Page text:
Q. ALMA, what does that mean?
A. It literally means your soul, but it’s kind of the essence of something.
Q. Give us a sense of who your clients are?
A. I would say probably three-fourths of the interpreting business is in the legal field — depositions, client meetings and courts. The court situation is a little different because they have to show due diligence that they attempted to find someone who is certified (in translation-interpretation), and the closest certified legal interpreter to Columbus is in Macon, Ga., that is up until I recently was certified.
Q. What types of court cases are you involved in?
A. I don’t think I’ve been to interpret a deposition that was not related to an auto accident. I don’t know why that is, but for some reason that ends up being a lot of cases because someone has a client who doesn’t speak English well. In basic recorder’s court, it can be traffic violations. I don’t see a lot of criminal things, except a (good portion) of my time is spent at Stewart Detention Center in Lumpkin, Ga. It’s a holding facility, and they have three or four courts there constantly seeing people. We meet attorneys down there quite a bit from all over the United States, because we’re the only company close to Lumpkin that has multiple people to send down there.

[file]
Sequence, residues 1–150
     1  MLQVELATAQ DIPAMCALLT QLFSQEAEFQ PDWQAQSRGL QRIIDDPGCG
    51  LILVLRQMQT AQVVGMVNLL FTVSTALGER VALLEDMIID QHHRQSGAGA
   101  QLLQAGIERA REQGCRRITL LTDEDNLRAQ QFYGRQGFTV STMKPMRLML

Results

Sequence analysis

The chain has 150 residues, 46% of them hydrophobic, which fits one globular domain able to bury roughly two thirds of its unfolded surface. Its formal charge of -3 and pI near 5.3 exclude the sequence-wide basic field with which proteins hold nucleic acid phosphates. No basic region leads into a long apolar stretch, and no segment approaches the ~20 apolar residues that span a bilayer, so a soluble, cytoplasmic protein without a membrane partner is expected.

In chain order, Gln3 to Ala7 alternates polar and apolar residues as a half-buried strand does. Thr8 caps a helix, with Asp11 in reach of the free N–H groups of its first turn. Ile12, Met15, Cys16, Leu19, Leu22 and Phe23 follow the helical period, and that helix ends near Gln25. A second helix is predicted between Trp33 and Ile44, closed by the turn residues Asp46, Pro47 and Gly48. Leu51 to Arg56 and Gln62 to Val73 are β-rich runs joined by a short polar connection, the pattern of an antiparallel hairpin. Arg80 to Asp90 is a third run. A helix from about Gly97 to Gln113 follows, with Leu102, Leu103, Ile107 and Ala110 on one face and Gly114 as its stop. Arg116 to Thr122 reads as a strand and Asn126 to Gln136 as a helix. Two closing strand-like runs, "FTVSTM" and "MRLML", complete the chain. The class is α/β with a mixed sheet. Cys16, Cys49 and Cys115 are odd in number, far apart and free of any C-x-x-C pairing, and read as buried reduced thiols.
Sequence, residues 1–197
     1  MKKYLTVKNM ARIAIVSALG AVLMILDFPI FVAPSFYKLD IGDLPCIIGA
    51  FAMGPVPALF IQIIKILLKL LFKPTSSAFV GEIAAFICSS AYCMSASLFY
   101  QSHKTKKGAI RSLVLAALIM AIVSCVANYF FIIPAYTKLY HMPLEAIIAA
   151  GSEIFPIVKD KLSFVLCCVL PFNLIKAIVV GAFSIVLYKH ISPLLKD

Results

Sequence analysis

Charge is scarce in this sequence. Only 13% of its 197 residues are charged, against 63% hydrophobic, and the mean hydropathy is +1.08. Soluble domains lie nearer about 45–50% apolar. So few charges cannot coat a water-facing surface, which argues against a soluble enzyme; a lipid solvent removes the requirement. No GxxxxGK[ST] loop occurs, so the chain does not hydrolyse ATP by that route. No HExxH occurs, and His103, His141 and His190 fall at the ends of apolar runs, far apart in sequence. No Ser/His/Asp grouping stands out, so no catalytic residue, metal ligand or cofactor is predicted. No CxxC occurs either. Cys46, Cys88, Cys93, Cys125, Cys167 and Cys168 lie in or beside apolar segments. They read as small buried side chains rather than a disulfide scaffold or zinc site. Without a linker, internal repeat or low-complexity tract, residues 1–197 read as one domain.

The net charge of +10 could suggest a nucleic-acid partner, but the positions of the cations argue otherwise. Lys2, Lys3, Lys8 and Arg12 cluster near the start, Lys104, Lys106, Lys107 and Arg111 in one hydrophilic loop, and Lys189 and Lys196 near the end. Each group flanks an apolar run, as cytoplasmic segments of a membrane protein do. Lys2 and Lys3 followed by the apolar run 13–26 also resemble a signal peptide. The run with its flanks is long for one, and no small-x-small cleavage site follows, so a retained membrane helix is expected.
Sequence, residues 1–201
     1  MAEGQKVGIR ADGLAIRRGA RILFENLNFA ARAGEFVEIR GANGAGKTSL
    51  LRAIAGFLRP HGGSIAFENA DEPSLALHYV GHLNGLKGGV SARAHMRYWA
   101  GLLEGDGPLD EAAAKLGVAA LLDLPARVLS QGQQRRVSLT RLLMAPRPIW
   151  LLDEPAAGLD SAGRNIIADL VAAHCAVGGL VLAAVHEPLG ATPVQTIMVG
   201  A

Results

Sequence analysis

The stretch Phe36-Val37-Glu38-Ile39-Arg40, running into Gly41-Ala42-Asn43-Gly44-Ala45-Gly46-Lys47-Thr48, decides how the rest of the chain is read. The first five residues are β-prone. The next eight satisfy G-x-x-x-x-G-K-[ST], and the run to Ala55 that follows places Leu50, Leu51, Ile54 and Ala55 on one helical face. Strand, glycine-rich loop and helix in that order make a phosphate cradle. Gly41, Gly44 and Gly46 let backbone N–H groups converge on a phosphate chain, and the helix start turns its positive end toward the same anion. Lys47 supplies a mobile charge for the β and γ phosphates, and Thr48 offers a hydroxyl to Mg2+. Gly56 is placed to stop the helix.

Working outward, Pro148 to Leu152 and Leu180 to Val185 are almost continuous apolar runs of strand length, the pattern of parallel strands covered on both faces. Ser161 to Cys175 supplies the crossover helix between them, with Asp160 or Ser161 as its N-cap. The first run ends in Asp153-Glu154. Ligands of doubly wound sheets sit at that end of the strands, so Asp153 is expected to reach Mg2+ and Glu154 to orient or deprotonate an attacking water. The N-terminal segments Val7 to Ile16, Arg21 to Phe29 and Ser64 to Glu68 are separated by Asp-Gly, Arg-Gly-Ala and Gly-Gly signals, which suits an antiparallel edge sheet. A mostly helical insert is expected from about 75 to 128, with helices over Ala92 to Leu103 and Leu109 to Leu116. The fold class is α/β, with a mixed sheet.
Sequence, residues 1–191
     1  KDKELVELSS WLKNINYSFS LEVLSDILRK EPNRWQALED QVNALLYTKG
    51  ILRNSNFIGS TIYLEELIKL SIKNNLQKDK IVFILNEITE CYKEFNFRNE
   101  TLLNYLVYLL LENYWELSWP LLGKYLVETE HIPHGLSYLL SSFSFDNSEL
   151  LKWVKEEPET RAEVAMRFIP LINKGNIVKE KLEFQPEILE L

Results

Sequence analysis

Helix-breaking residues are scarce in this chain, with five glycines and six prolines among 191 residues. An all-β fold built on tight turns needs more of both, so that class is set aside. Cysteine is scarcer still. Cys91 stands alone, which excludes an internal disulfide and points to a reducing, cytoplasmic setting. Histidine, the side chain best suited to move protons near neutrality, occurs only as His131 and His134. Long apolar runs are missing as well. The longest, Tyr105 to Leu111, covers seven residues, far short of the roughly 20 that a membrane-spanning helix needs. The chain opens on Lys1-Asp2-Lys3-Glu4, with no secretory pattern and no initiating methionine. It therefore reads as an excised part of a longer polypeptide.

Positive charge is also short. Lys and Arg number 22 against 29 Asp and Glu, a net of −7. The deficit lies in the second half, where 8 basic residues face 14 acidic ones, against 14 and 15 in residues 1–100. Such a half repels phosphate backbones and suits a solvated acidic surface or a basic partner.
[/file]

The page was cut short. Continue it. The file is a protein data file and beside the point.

Q. That means sitting in the courtroom and translating back and forth, English and Spanish?
A. Right, it’s essentially just helping two people communicate.
Q. How about health-care business?